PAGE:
25 April 2013
“A dentist has to be insured in case you trip over a loose carpet tile in his surgery and injure yourself, but you can’t touch him for poor care because he does not have to be insured for that.”

So said representatives from access to justice group Bridge the Gap who met with senior civil servants from the Department of Health last week to lobby for a change in the law.
Chris Dean and David Corless-Smith from the campaign had detailed discussions with the Department over proposed legislation to make it a legal requirement for dentists, as well as all other healthcare professionals, to hold professional liability cover.

“It is ludicrous that insurance for actual dental treatment is not mandatory for dentists in this country, so it was good to get this point across again,” said Chris.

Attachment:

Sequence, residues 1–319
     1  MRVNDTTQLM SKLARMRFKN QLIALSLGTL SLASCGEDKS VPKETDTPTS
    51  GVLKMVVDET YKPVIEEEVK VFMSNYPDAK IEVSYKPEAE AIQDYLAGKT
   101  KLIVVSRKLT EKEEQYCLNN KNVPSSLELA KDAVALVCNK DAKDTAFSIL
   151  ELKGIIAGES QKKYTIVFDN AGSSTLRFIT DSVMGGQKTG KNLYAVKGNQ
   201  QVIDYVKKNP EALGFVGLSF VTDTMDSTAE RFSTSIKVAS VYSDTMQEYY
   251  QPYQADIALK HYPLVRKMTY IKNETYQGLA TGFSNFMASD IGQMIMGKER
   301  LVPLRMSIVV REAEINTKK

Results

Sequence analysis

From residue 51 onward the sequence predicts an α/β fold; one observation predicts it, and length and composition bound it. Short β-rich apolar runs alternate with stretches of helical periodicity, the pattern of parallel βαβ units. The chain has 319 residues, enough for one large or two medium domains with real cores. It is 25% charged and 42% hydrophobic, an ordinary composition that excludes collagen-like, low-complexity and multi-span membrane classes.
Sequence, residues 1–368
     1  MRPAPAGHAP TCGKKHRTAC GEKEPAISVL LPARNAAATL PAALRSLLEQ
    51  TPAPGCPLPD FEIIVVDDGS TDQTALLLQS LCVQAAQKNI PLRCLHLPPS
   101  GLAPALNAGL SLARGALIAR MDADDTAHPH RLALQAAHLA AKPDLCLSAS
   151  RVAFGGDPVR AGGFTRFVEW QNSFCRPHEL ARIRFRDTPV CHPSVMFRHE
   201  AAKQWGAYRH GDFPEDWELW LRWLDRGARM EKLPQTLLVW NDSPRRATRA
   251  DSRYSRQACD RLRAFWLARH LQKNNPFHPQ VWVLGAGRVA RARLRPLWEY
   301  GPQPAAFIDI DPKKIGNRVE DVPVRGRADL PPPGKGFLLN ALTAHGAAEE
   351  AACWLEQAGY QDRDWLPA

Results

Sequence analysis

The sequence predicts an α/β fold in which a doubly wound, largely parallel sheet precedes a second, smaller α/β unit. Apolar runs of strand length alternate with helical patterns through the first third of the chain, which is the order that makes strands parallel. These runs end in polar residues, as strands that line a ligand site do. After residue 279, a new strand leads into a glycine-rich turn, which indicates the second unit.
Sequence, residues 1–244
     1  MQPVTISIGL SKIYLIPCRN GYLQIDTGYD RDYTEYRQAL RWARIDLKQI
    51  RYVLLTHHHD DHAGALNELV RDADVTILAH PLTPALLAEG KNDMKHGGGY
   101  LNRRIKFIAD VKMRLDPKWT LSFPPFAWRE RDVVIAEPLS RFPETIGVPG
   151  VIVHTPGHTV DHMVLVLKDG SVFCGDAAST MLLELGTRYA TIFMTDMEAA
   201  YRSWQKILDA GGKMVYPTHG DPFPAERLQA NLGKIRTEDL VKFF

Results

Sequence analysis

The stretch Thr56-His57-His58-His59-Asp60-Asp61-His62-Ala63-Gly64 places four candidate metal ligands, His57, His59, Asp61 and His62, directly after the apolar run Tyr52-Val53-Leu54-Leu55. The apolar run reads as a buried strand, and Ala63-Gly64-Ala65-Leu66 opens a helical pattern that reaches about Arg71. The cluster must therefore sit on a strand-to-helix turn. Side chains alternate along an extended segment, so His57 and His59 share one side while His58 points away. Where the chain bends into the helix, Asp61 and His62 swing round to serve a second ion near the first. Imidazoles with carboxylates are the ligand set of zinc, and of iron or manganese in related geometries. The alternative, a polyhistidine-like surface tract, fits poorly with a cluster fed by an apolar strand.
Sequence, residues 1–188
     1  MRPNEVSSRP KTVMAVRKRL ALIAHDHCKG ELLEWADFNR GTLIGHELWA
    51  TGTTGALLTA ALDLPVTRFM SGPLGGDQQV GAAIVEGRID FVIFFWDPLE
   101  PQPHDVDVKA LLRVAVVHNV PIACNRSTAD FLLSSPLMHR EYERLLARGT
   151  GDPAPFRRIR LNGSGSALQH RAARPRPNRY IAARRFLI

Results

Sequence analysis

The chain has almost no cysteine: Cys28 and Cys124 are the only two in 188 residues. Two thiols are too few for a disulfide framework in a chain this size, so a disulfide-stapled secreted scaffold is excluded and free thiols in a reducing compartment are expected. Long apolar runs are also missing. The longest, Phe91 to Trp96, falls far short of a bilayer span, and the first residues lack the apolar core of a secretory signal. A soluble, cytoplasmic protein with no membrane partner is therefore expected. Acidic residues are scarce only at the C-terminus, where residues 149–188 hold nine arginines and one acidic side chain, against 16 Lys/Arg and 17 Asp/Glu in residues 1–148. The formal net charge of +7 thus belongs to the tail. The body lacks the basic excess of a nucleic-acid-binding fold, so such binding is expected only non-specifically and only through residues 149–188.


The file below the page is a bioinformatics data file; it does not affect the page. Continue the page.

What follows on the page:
They also raised concerns that the draft legislation did not provide any role for the regulators of the healthcare professions in giving guidance as to what features of professional liability cover should be present for dentists, and others, to comply with the law.

Department officials reassured campaigners that the Department of Health had an expectation that regulators would provide guidance and that the issue had come up in meetings with the regulators themselves. 

Chris Dean also asked why there was no mention in proposed legislation of dentists providing details of their professional indemnity insurance to patients.

“We were pleased that officials were responsive to what we think is a key part of the legislation – make insurance mandatory and visible to patients,” said Chris.
He continued: “This was something the Department recognised was required and they said they would look into as a matter of urgency.”